around  Zurich  are  extremely  large,  the  most  punctilious 
care  is  evinced  in  every  production  that  grows.  The  vege- 
tables are  planted  with  seemingly  mathematical  accuracy, 
not  a  6ingle  weed  is  to  be  seen,  not  a  single  stone.  Plants 
are  not  earthed  up  as  with  us,  but  are  planted  in  a  small 
hollow,  into  each  of  which  a  little  manure  is  put,  and  each 
plant  is  watered  daily.  Where  seeds  are  sown,  the  earth 
directly  above  is  broken  into  the  finest  powder ;  every  shrub, 
every  flower  is  tied  to  a  stake,  and  where  there  is  wall-fruit 
a  trellice  is  erected  against  the  wall,  to  which  the  boughs 
are  fastened,  and  there  is  not  a  single  thing  that  has  not  its 
appropriate  resting-pace."  * 

*  Switzerland,  the  South  of  France,  and  the  Pyrenees,  in  1830.    By  H.  IX 
Inrlis.     Vol.  i.  ch.  2. 

BOOK  II.     CHAPTER  YI.    §2. 

Of  one  of  the  remote  valleys  of  the  High  Alps  the  same 
writer  thus  expresses  himself: —  * 

"  In  the  whole  of  the  Engadine  the  land  belongs  to  the 
peasantry,  who,  like  the  inhabitants  of  every  other  place 
where  this  state  of  things  exist,  vary  greatly  in  the  extent 
of  their  possessions.  .  .  .  Generally  speaking,  an  Engadine 
peasant  lives  entirely  upon  the  produce  of  his  land,  with 
the  exception  of  the  few  articles  of  foreign  growth  required 
in  his  family,  such  as  coffee,  sugar,  and  wine.  Flax  is  grown, 
prepared,  spun,  and  woven,  without  ever  leaving  his  house. 
He  has  also  his  own  wool,  which  is  converted  into  a  blue 
coat  without  passing  through  the  hands  of  either  the  dyer 
or  the  tailor.  The  country  is  incapable  of  greater  cultiva- 
tion than  it  has  received.  All  has  been  done  for  it  that 
industry  and  an  extreme  love  of  gain  can  devise.  There  is 
not  a  foot  of  waste  land  in  the  Engadine,  the  lowest  part 
of  which  is  not  much  lower  than  the  top  of  Snowdon. 
Wherever  grass  will  grow,  there  it  is  ;  wherever  a  rock  will 
bear  a  blade,  verdure  is  seen  upon  it ;  wherever  an  ear  of 
rye  will  ripen,  there  it  is  to  be  found.  Barley  and  oats  have 
also  their  appropriate  spots ;  and  wherever  it  is  possible  to 
ripen  a  little  patch  of  wheat,  the  cultivation  of  it  is  at- 
tempted. In  no  country  in  Europe  will  be  found  so  few 
poor  as  in  the  Engadine.  In  the  village  of  Suss,  which 
contains  about  six  hundred  inhabitants,  there  is  not  a  single 
individual  who  has  not  wherewithal  to  live  comfortably,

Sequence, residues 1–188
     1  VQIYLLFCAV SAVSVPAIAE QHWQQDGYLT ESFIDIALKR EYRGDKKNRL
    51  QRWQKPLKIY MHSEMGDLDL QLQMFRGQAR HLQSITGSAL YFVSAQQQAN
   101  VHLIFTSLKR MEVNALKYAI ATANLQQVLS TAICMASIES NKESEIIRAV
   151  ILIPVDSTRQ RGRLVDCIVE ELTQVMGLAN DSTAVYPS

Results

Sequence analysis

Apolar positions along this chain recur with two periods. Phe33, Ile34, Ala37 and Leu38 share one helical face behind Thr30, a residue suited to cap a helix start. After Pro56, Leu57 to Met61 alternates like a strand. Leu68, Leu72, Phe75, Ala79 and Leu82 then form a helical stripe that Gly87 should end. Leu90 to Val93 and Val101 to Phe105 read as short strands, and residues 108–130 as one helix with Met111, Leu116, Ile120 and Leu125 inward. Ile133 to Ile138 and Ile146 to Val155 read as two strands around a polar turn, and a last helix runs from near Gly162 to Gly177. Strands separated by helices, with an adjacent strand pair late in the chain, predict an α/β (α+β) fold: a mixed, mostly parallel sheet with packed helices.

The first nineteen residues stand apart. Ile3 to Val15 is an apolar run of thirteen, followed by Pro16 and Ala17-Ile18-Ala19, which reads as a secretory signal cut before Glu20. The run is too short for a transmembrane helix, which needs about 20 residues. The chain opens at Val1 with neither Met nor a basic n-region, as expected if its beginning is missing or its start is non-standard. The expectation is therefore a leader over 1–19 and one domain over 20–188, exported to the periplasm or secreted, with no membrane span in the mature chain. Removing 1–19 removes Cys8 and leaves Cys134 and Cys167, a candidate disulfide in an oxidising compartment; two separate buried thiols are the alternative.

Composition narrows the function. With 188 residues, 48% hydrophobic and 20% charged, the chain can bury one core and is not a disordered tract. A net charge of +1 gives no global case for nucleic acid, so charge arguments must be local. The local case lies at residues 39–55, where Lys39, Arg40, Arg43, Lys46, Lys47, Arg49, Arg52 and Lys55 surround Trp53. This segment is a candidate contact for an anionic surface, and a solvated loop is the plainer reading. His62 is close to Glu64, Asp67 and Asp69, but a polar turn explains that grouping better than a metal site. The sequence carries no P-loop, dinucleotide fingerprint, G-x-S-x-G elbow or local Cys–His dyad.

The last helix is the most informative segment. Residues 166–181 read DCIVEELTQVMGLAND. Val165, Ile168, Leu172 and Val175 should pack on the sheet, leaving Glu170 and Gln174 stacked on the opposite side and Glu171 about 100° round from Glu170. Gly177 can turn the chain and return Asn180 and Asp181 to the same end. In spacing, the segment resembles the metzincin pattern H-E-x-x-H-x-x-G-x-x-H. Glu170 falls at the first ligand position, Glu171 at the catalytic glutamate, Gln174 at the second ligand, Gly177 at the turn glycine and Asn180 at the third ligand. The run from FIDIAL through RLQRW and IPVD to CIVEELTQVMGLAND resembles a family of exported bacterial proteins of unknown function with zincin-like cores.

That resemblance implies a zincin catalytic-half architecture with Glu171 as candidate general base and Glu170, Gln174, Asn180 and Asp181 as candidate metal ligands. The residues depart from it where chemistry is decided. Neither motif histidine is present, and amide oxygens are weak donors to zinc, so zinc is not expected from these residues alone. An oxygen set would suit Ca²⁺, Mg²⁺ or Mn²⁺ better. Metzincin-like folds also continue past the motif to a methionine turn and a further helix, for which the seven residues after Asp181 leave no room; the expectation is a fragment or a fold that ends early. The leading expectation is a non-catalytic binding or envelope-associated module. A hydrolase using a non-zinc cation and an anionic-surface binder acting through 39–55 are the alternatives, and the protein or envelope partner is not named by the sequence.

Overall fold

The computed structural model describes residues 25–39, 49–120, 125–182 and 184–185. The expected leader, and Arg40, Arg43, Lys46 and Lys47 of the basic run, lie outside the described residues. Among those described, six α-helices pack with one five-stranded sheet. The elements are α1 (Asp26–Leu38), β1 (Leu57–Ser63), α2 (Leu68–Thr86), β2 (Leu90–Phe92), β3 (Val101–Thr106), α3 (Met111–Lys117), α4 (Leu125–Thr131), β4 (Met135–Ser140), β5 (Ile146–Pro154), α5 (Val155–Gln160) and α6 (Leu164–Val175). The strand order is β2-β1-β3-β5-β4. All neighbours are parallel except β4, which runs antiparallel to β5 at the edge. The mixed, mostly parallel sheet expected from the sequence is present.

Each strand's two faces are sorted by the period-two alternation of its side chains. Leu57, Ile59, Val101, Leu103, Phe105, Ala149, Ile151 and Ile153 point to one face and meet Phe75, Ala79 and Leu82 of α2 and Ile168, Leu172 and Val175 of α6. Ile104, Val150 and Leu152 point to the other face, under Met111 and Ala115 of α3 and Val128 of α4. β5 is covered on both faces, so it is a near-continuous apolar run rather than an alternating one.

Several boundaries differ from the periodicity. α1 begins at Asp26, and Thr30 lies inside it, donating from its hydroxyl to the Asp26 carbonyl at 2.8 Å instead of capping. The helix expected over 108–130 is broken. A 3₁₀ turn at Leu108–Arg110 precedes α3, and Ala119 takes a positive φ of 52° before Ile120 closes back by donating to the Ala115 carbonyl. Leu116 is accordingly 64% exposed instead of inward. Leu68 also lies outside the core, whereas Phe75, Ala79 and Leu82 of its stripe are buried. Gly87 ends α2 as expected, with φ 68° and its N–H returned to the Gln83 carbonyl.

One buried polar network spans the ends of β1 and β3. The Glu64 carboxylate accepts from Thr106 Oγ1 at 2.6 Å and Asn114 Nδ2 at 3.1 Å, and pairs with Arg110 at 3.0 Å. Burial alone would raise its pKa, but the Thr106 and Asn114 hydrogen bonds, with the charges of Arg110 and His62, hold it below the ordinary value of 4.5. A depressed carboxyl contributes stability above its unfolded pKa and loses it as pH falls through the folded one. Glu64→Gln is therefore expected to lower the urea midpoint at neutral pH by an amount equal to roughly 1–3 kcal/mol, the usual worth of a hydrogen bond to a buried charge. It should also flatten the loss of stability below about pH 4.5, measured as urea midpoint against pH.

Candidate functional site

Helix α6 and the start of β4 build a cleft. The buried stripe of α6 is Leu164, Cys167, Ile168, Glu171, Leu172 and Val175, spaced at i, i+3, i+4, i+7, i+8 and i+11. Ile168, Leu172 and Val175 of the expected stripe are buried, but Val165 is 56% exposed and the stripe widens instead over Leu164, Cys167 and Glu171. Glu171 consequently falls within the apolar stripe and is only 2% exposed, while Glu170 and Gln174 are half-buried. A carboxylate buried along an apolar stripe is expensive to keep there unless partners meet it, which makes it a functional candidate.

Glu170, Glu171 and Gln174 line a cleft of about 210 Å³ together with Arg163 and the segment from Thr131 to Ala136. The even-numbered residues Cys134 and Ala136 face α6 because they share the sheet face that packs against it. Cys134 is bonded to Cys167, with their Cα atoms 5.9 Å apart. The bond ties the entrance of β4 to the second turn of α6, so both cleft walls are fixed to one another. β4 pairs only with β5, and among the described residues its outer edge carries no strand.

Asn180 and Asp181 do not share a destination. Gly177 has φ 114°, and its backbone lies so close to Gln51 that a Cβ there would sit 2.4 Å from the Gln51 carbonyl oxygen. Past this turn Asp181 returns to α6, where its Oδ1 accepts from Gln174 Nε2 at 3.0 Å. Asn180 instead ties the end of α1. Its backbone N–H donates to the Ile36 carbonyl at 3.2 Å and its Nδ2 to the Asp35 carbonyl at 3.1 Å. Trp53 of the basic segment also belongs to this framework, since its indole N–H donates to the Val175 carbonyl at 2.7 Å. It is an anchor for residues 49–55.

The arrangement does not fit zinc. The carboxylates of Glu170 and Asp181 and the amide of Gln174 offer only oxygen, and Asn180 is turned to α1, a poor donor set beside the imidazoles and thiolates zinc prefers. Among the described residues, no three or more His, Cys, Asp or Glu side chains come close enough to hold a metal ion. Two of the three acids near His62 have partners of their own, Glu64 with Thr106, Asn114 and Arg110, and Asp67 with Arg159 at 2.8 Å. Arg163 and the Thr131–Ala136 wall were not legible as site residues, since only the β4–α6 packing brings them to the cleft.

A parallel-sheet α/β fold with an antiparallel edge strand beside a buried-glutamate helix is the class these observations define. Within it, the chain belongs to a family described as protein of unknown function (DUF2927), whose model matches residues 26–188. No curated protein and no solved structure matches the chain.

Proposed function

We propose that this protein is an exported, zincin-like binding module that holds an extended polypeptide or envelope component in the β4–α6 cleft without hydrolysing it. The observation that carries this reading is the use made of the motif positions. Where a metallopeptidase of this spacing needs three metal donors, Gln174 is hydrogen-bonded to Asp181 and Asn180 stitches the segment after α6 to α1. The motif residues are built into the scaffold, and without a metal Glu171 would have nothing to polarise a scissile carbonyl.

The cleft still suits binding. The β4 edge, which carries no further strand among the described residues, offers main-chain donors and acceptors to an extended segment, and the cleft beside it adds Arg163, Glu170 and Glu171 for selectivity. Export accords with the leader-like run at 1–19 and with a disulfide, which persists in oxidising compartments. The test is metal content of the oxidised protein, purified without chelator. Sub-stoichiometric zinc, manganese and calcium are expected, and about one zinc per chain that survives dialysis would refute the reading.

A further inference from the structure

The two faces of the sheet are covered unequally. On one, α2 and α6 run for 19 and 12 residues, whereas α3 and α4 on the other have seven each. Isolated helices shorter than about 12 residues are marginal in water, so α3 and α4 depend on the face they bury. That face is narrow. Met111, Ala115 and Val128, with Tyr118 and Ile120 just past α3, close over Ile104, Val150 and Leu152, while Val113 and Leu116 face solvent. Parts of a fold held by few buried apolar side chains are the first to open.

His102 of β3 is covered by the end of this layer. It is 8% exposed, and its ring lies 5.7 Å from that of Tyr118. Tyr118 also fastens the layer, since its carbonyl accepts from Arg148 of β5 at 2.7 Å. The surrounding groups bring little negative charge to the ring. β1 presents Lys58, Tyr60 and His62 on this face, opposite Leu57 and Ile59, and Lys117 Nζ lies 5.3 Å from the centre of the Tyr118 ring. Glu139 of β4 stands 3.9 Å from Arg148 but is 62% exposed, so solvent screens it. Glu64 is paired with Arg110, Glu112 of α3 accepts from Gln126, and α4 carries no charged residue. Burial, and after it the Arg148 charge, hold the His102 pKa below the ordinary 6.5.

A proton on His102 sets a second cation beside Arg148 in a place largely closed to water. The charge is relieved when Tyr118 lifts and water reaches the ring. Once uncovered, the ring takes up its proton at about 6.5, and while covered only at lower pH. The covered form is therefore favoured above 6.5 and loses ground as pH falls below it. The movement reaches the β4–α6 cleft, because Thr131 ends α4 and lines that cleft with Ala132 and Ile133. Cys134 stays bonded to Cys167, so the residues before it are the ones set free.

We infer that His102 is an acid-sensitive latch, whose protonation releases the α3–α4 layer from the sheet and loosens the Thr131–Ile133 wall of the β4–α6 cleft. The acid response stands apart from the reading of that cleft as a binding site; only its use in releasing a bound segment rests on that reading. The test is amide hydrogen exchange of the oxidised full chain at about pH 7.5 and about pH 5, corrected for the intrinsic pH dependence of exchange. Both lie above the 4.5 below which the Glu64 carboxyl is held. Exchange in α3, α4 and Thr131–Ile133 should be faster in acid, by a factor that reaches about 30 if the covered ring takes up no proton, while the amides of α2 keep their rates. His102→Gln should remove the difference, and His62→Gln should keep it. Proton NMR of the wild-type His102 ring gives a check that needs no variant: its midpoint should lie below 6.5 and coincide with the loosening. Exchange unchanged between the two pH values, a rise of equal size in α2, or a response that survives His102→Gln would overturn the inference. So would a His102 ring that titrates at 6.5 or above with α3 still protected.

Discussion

not  a  single  individual  who  is  indebted  to  others  for  one 
morsel  that  he  eats." 

Notwithstanding  the  general  prosperity  of  the  Swiss 
peasantry,  this  total  absence  of  pauperism,  and  (it  may 
almost  be  said)  of  poverty,  cannot  be  predicated  of  the 
whole  country ;  the  largest  and  richest  canton,  that  of 
Berne,  being  an  example  of  the  contrary  ;  for  although,  in 
the  parts  of  it  which  are  occupied  by  peasant  proprietors, 
their  industry  is  as  remarkable  and  their  ease  and  comfort 
as  conspicuous  as  elsewhere,  the  canton  is  burthened  with 

*  Ibid.  ch.  8  and  10. 


It  numerous  pauper  population,  through  the  operation  of 
the  worst  regulated  system  of  poor-law  administration  in 
Europe,  except  that  of  England  before  the  new  Poor  Law,* 
Nor  is  Switzerland  in  some  other  respects  a  favourable  ex- 
ample of  all  that  peasant  properties  might  effect.  There 
exists  a  series  of  statistical  accounts  of  the  Swiss  cantons, 
drawn  up  mostly  with  great  care  and  intelligence,  contain- 
ing detailed  information,  of  tolerably  recent  date,  respect- 
ing the  condition  of  the  land  and  of  the  people.  From  these, 
the  subdivision  appears  to  be  often  so  minute,  that  it  can 
hardly  be  supposed  not  to  be  excessive :  and  the  indebted- 
ness of  the  proprietors  in  the  flourishing  canton  of  Zurich 
"  borders,"  as  the  writer  expresses  it,  "  on  the  incredible ; "  f 
so  that  "  only  the  intensest  industry,  frugality,  temperance, 
and  complete  freedom  of  commerce  enable  them  to  stand 
their  ground."  Yet  the  general  conclusion  deducible  from 
these  books  is  that  since  the  beginning  of  the  century,  and 
concurrently  with  the  subdivision  of  many  great  estates 
which  belonged  to  nobles  or  to  the  cantonal  governments, 
there  has  been  a  striking  and  rapid  improvement  in  almost